Light scattered from wafer 52 may be collected and detected by multiple channels of the inspection subsystem during scanning. For example, light scattered from wafer 52 at angles relatively close to normal may be collected by lens 54. Lens 54 may include a refractive optical element as shown in FIG. 3. In addition, lens 54 may include one or more refractive optical elements and/or one or more reflective optical elements. Light collected by lens 54 may be directed to polarizing component 56, which may include any suitable polarizing component known in the art. In addition, the inspection subsystem may include more than one polarizing component (not shown), each of which may be positioned independently in the path of the light collected by the lens. Each of the polarizing components may be configured to alter the polarization of the light collected by the lens in a different manner. The inspection subsystem may be configured to move the polarizing components into and out of the path of the light collected by the lens in any suitable manner depending on which polarization setting is selected for detection of the light collected by lens 54 during scanning. The polarization setting used for the detection of the light collected by lens 54 during scanning may include any of the polarization settings described herein (e.g., P, S, and unpolarized (N)).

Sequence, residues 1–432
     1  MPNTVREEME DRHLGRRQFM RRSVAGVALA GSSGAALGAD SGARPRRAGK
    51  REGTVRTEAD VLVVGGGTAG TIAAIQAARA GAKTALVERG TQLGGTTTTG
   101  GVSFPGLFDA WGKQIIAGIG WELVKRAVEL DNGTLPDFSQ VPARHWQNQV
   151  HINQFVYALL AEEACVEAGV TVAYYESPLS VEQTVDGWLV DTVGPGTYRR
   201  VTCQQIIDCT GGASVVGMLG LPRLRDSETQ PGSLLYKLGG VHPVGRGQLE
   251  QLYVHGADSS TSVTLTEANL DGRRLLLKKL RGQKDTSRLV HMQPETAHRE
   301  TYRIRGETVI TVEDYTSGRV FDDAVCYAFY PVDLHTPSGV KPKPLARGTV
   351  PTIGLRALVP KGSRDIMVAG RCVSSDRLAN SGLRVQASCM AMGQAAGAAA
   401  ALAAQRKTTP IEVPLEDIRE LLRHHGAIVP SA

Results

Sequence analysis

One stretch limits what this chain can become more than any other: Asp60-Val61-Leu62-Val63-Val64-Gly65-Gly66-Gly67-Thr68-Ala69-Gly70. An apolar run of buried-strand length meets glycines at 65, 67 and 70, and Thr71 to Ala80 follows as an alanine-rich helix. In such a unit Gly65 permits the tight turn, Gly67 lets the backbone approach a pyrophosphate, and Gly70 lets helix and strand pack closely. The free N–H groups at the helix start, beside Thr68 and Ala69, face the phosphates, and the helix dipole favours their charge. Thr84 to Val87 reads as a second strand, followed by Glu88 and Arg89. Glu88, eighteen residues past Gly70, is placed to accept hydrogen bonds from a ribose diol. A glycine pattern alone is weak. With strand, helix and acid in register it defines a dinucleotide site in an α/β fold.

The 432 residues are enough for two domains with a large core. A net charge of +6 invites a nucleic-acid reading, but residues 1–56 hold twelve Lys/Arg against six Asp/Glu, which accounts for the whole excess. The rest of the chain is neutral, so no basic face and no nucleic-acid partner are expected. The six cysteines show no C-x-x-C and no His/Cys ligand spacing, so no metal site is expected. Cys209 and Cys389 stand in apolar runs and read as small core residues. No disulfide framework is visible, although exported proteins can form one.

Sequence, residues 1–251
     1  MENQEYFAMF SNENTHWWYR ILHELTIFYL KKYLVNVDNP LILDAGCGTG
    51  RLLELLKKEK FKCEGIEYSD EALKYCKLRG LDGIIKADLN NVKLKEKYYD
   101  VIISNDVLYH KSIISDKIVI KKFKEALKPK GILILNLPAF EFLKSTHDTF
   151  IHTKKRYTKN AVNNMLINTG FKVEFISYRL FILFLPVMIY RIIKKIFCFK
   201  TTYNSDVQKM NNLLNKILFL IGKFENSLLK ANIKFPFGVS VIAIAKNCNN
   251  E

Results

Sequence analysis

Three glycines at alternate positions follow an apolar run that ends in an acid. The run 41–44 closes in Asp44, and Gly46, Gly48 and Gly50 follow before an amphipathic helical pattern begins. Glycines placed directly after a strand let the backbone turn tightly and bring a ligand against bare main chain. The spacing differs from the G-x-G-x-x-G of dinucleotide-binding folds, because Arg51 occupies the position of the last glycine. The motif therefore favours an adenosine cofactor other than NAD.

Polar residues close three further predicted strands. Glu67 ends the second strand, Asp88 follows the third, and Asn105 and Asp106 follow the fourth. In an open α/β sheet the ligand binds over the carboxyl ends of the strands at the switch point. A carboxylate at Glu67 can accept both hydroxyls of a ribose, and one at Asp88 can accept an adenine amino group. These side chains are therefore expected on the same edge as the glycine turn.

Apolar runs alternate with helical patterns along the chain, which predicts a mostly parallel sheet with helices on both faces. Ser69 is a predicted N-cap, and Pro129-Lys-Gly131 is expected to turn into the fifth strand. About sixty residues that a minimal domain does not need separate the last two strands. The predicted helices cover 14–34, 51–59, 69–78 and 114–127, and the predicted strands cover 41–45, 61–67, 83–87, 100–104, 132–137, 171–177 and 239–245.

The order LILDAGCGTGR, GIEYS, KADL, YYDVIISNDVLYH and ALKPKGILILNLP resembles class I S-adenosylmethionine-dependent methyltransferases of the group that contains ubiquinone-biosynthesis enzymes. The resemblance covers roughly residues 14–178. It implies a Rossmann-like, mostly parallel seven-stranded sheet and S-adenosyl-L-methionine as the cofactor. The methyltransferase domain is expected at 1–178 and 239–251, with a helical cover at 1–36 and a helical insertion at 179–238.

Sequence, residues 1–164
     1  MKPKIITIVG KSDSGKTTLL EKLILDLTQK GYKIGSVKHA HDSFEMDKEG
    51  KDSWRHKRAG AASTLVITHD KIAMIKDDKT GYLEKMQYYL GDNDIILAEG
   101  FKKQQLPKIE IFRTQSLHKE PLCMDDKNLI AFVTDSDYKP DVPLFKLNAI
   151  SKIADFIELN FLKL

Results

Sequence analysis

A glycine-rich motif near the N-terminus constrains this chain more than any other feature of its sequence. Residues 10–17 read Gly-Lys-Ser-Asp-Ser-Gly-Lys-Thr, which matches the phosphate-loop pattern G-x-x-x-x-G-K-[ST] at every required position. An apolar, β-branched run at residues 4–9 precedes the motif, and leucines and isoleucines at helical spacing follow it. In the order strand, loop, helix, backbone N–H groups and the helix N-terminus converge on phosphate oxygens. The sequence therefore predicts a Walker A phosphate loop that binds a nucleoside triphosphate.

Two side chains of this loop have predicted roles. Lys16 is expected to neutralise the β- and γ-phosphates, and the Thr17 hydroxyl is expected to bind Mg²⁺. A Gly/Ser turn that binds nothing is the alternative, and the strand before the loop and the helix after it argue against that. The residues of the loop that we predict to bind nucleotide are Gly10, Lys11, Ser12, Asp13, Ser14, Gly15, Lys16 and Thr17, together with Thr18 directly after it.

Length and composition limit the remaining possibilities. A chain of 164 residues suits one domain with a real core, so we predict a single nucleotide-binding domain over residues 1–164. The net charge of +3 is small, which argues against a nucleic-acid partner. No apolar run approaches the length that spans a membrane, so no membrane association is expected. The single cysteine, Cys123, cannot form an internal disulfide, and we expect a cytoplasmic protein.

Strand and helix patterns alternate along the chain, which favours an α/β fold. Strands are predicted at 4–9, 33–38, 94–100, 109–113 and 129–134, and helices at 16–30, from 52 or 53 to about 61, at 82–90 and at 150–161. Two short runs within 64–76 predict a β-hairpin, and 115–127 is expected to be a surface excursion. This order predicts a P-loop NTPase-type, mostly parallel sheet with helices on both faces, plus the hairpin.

Light exiting polarizing component 56 is directed to detector 58. Detector 58 may include any suitable detector known in the art such as a charge coupled device (CCD) or another type of imaging detector. Detector 58 is configured to generate an image that is responsive to the scattered light collected by lens 54 and transmitted by polarizing component 56 if positioned in the path of the collected scattered light. Therefore, lens 54, polarizing component 56 if positioned in the path of the light collected by lens 54, and detector 58 form one channel of the inspection subsystem. This channel of the inspection subsystem may include any other suitable optical components (not shown) known in the art such as a Fourier filtering component.

Light scattered from wafer 52 at different angles may be collected by lens 60. Lens 60 may be configured as described above. Light collected by lens 60 may be directed to polarizing component 62, which may include any suitable polarizing component known in the art. In addition, the inspection subsystem may include more than one polarizing component (not shown), each of which may be positioned independently in the path of the light collected by the lens. Each of the polarizing components may be configured to alter the polarization of the light collected by the lens in a different manner. The inspection subsystem may be configured to move the polarizing components into and out of the path of the light collected by the lens in any suitable manner depending on which polarization setting is selected for detection of the light collected by lens 60 during scanning. The polarization setting used for detection of the light collected by lens 60 during scanning may include P, S, or N.